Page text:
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Dry fire is fine so long as the stop on the striker is set such that the striker tip doesn't peen the breech. You can check this by 1) with the bolt removed and uncoked, verifying the striker does not protrude past the bolt face, or 2) with Prussian blue (or similar) applied to the striker tip, close the bolt while holding the trigger to decock, then open the bolt and check the breech for transfer. If it passes, dry fire away. If its long, fix it, then dry fire away!

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Last edited by JMK; 11-12-2018 at 04:32 PM. Reason: typos
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Old 11-12-2018, 06:16 AM
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Because dry fire is one of the best ways to master trigger control. When dry firing, anything you do that causes firearm movement or change in sight alignment or sight picture is immediately obvious.
This
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Old 11-12-2018, 06:51 AM
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The CZ 452/453/455 are designed to be safe to dry fire, using the method above you can check to see if yours is within correct tolerances, I still use wall anchor snap caps because they're handy and cheap.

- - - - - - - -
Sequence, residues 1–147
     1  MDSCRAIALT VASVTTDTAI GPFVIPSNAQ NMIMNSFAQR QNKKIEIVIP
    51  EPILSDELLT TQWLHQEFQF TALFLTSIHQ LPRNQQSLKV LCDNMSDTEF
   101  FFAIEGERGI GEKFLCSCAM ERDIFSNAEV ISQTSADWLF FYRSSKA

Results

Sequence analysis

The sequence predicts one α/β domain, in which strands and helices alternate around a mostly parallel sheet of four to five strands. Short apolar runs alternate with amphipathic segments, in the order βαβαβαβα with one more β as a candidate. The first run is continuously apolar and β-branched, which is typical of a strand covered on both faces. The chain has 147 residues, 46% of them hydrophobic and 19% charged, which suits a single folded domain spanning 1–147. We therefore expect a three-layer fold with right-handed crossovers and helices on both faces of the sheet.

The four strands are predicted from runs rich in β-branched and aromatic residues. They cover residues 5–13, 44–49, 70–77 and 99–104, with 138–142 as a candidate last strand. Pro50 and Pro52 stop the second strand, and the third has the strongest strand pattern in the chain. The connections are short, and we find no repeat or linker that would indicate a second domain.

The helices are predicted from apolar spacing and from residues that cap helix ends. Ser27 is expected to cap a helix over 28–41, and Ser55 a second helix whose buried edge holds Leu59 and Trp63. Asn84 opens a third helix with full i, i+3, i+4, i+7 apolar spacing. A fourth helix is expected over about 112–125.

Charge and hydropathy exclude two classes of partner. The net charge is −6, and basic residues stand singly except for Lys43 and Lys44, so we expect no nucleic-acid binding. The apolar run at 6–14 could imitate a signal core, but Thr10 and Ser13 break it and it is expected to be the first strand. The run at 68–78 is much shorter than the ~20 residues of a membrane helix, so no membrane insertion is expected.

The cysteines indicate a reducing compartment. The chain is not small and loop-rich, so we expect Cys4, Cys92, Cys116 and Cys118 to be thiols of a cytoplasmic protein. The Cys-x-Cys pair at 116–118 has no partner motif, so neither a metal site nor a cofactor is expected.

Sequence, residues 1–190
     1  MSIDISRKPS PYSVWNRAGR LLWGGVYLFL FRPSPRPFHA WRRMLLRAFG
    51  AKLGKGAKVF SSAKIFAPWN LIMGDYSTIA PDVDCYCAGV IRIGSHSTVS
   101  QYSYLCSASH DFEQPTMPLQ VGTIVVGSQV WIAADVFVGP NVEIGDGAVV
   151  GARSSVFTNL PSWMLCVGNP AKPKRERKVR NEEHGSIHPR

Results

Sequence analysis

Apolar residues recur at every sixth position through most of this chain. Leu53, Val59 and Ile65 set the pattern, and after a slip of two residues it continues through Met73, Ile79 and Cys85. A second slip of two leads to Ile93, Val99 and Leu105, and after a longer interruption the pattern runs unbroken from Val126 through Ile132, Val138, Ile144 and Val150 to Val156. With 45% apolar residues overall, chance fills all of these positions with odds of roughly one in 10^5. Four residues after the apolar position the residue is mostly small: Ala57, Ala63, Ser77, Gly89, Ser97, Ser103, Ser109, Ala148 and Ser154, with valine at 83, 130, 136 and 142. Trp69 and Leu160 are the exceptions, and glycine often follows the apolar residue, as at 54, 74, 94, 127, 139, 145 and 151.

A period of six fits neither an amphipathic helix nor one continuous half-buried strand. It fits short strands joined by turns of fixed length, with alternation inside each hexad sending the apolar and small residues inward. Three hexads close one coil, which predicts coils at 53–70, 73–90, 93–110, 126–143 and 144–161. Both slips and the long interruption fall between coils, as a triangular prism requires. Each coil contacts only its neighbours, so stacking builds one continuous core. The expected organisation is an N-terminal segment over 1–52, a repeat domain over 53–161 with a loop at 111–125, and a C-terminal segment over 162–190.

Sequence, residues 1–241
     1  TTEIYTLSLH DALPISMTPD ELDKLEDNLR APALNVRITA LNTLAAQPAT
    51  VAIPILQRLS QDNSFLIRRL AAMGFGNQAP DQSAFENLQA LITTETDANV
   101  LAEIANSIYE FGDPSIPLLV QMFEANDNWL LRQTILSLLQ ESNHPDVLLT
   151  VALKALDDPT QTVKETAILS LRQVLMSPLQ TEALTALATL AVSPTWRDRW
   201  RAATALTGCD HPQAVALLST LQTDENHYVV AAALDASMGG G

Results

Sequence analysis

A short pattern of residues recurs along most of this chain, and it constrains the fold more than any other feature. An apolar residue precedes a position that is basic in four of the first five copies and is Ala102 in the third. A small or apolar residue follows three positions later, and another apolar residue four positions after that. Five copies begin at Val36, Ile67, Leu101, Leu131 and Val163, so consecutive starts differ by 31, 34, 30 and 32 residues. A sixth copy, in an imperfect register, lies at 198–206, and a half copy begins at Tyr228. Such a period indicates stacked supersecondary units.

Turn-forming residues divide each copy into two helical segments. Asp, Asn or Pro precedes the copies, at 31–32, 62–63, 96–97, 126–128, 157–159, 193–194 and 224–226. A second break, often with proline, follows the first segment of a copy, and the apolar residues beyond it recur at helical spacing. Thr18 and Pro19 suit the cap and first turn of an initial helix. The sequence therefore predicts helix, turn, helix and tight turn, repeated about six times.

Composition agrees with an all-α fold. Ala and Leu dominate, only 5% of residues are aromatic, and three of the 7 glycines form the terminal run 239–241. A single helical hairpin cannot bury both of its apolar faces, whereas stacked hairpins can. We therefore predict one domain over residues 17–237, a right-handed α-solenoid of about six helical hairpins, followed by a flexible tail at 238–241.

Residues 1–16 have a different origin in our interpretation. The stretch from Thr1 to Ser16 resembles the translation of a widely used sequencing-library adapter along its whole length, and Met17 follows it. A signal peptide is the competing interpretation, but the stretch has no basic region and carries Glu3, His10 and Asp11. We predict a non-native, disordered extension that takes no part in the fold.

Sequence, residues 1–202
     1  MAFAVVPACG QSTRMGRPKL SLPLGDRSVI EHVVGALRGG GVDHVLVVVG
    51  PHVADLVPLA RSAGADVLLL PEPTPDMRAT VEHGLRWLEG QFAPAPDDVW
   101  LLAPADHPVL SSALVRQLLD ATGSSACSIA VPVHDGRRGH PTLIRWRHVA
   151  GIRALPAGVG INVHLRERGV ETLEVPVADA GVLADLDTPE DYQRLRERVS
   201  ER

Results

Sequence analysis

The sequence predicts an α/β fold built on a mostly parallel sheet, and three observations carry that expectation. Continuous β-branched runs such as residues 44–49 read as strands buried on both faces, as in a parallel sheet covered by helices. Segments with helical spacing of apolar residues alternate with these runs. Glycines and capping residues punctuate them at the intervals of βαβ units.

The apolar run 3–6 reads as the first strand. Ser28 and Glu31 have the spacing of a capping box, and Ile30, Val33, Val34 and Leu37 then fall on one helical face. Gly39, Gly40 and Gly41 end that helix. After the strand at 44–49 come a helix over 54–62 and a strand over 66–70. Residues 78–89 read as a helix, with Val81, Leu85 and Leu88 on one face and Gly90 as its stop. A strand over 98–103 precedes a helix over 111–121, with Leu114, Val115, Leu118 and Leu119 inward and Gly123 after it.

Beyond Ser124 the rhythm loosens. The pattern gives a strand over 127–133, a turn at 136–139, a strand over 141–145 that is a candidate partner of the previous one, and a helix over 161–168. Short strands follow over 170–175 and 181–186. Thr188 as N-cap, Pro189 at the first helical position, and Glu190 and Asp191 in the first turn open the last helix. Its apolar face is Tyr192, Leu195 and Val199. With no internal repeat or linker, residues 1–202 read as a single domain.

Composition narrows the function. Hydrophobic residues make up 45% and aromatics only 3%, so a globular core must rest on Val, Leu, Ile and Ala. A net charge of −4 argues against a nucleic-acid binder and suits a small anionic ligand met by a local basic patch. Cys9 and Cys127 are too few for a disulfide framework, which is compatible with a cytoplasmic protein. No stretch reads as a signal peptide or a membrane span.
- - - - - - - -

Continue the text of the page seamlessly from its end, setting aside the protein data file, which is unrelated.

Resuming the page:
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Old 11-12-2018, 07:38 AM
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Because dry fire is one of the best ways to master trigger control. When dry firing, anything you do that causes firearm movement or change in sight alignment or sight picture is immediately obvious.
I am convinced that dry practice has helped me stay focused and involved in my shooting when I can't get to the range, learn my trigger, and develop my ability to call my shots.

All of the accomplished rimfire/centerfire marksmen I have become acquainted with both in person and online have insisted that dryfire is THE single most effective practice tool they use.